By Dave Webb
At least once every winter, when northern Utah is chocked by cold and snow and gloom, I like to escape to sunshine, mild temperatures, red rock and big rainbows — I like to fly fish the mighty Colorado River at Lees Ferry.
The Colorado is a big river, compared to others in the southwestern U.S. It gushes clear and cold from Glen Canyon dam, providing ideal trout habitat in the Lees Ferry area, which is just above the Grand Canyon. The scenery is gorgeous, classic deep canyon country, almost as spectacular as the Grand Canyon itself. Wildlife is abundant along the river corridor; fishermen occasionally see eagles, condors, mountain sheep, deer, mountain lions and a host of other creatures. Taken together, the package makes for a world-class adventure.
There is some opportunity for anglers to walk the banks of the river and get into fish. But, to reach the prime spots, you need a boat. Jet boats are the preferred mode of transportation but other power boats can also navigate the river. The water level fluctuates, meaning you always need to be alert to avoid rocks and gravel bars, and it is always a good idea to carry a spare prop.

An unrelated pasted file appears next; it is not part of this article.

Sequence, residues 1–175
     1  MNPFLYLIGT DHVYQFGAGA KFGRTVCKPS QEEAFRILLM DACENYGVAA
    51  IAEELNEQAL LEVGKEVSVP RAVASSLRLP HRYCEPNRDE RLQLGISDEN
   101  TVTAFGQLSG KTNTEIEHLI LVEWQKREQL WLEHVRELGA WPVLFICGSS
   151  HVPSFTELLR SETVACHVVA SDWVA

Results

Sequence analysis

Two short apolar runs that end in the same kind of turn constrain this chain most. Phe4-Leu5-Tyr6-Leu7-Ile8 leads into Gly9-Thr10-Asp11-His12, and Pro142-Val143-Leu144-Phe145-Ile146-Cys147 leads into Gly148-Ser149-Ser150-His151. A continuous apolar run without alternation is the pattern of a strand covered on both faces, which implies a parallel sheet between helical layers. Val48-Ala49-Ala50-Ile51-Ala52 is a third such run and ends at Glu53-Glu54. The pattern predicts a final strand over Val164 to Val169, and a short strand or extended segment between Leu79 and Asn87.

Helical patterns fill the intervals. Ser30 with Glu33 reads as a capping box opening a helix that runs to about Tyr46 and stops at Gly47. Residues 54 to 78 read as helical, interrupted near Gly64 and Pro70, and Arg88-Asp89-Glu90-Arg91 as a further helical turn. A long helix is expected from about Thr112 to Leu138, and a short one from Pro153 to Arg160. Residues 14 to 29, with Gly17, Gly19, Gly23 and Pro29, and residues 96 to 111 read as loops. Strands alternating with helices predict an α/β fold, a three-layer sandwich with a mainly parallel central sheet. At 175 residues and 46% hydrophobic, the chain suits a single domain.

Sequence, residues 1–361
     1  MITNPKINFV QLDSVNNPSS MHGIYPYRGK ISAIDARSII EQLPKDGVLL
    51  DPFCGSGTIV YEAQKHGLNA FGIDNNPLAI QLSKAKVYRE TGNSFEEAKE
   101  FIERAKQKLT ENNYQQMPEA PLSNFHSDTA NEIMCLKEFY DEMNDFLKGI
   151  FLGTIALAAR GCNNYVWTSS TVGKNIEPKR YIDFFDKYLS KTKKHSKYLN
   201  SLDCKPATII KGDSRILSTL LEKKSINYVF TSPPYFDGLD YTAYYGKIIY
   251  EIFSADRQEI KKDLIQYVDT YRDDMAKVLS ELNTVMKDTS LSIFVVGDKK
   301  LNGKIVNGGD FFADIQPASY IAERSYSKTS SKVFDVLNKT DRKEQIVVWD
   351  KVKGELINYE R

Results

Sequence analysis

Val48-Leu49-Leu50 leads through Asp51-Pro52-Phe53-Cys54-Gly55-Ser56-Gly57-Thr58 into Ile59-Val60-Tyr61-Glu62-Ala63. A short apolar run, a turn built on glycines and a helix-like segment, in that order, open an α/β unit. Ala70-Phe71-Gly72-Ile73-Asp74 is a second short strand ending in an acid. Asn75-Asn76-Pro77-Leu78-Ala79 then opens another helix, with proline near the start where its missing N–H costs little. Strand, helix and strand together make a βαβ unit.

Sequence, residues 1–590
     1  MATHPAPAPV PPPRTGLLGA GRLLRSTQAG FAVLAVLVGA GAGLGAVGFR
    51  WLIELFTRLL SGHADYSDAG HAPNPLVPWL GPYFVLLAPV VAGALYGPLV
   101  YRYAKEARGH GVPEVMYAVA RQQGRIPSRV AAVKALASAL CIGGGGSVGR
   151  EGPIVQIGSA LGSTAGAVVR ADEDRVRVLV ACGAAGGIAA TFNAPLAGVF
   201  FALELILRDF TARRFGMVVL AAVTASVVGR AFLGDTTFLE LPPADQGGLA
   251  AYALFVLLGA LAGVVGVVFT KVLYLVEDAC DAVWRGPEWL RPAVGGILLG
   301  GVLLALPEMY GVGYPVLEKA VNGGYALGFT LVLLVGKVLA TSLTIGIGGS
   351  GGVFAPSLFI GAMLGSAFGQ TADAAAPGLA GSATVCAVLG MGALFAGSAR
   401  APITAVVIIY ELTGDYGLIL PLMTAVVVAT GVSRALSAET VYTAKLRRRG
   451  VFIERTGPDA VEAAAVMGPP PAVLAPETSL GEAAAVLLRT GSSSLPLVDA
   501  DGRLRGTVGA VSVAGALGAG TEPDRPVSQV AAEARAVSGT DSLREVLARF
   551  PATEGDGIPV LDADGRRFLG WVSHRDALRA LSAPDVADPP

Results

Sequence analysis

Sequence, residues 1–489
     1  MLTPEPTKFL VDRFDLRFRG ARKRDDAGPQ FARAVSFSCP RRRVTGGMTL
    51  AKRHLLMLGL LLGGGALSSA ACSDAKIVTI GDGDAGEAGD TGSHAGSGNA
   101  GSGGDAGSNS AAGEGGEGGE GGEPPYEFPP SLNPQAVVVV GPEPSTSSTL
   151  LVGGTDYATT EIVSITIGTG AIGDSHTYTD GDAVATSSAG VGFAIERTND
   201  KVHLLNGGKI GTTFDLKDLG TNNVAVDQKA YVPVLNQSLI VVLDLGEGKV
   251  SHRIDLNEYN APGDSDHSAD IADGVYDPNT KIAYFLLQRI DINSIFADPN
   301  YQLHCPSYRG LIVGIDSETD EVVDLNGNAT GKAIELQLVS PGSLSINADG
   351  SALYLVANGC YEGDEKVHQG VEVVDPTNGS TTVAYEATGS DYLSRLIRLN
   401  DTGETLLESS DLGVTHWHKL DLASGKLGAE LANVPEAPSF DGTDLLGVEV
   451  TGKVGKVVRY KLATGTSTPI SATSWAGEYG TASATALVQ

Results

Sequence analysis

Because it is a big river with limited access and tricky boating, the Colorado can be intimidating to anglers making their first visit. The river provides plenty of nutrients and so the big rainbows are well fed; they can be finicky at times. The fish readily take flies – but only when the right fly is presented in just the right way. The river gets considerable pleasure and the fish are smart. To catch them you've got to find where they are feeding and then match what is in the water.
In such a situation, I prefer to fish with a guide. On my fist trip, back a few years ago when I was a beginning fly fisher, I had the good fortune to take a mid-winter trip with a guide from Lees Ferry Anglers. It was a wonderful experience that helped boost my skill level and confidence. Well worth the money. After that one trip I felt confident to fish the river on my own.